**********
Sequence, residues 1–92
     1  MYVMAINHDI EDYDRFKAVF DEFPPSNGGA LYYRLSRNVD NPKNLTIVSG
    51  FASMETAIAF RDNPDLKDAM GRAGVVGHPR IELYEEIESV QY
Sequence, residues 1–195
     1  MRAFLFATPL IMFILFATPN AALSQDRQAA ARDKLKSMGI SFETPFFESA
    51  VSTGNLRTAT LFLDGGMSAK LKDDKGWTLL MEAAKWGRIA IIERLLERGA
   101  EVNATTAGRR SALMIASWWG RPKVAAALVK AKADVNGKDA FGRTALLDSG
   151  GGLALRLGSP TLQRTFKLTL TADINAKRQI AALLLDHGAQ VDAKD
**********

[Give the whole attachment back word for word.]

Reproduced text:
Sequence, residues 1–92
     1  MYVMAINHDI EDYDRFKAVF DEFPPSNGGA LYYRLSRNVD NPKNLTIVSG
    51  FASMETAIAF RDNPDLKDAM GRAGVVGHPR IELYEEIESV QY
Sequence, residues 1–195
     1  MRAFLFATPL IMFILFATPN AALSQDRQAA ARDKLKSMGI SFETPFFESA
    51  VSTGNLRTAT LFLDGGMSAK LKDDKGWTLL MEAAKWGRIA IIERLLERGA
   101  EVNATTAGRR SALMIASWWG RPKVAAALVK AKADVNGKDA FGRTALLDSG
   151  GGLALRLGSP TLQRTFKLTL TADINAKRQI AALLLDHGAQ VDAKD